City reviewing permit for Riverfront Plaza Cafe shell

The $3.5 million project is one piece of the city’s plan to transform the former Jacksonville Landing into a 7.5-acre park fronting the St. Johns River on the Downtown Northbank.

This rendering shows an aerial view of the Riverfront Plaza playground and cafe building at the former Jacksonville Landing.
This rendering shows an aerial view of the Riverfront Plaza playground and cafe building at the former Jacksonville Landing.
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Although the city delayed construction on Riverfront Plaza Downtown by a month, permitting for the park amenities is moving forward. 

The city is reviewing a permit application for the shell of the Riverfront Plaza Cafe at the site of the former Jacksonville Landing at an estimated cost of $3.5 million. The permit application is for the cafe shell and does not include the playground.

The 5,171-square-foot building is planned on 7.45 acres at 2 Independent Drive W.

Perkins & Will Inc., selected by the city in July 2021 as part of a request for proposals and competition to design the public space, is listed as the cafe architect. The city owns the property.

An incentives deal for New York City-based developer American Lions LLC’s estimated $166.6 million, 44–story tower planned to front the park on a 1-acre pad has been in contract review since September 2022.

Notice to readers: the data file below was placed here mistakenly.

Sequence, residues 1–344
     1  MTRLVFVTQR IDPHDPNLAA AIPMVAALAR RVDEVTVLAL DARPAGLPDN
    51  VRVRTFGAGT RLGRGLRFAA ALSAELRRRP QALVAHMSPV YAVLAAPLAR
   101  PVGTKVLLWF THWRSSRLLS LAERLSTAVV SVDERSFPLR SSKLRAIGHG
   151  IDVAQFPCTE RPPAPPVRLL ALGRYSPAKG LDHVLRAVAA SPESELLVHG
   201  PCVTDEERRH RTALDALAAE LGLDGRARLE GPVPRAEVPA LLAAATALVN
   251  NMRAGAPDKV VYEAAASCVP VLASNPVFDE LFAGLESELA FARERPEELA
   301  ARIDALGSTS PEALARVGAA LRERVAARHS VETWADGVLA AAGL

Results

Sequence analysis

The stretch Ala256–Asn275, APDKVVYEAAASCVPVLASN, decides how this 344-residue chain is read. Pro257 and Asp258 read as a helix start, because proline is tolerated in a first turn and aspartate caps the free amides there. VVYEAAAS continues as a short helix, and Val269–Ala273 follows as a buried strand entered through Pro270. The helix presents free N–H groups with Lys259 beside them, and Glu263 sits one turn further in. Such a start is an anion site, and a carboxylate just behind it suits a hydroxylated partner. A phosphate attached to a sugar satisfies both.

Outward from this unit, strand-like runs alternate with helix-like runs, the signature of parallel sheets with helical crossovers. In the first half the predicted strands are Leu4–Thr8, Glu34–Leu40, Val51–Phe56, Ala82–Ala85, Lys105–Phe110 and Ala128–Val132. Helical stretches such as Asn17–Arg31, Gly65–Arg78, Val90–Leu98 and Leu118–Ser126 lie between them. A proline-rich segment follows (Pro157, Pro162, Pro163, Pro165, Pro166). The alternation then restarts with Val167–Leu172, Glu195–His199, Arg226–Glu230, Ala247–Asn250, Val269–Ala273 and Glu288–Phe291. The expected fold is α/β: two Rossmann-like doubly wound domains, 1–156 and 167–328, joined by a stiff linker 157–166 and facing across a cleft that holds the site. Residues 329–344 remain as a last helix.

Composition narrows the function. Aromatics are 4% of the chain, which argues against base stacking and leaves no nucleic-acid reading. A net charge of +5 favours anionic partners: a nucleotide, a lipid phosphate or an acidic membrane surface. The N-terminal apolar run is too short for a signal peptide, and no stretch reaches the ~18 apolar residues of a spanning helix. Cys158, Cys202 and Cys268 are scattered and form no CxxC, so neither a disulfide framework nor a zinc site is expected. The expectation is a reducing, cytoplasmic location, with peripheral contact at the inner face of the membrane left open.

Jacksonville Downtown Investment Authority CEO Lori Boyer has helped lead the park planning along with city Parks, Recreation and Community Service and Public Works departments and local nonprofit groups. 

She said June 6 that the cafe building will have leasable space with a coffee shop-restaurant and park office. The cafe will be on the north side of the park near the intersection of Laura Street and Independent Drive. 

The latest park design by Perkins & Will places Riverfront Plaza’s playground on the rooftop of the cafe building. Boyer called it “an integral part” of the park’s first phase of construction. 

A rendering of Riverfront Plaza.

The city announced June 5 that they had postponed construction that was expected to start that day until July 5. 

“The Mayor (Lenny Curry) and Mayor-Elect’s (Donna Deegan) office feel that it is best to postpone the start of construction to July 5th due to the holiday week and other festivities happening around this time to eliminate any traffic and/or parking disruptions,” the city’s public affairs office said in an email. 

Boyer said the first piece of the park to start construction will be an extension of the park space east of the Performing Arts Center. 

Crews will close a drive at Hogan and Water streets to extend the existing Riverfront Plaza site.

That work will be done by contractor J.B. Coxwell, she  said.

The first phase of the park does not include the construction of what became a widely discussed 151-foot-tall stainless steel statue that some interpreted to spell “Jax” by Orlando-based artist Jefrë.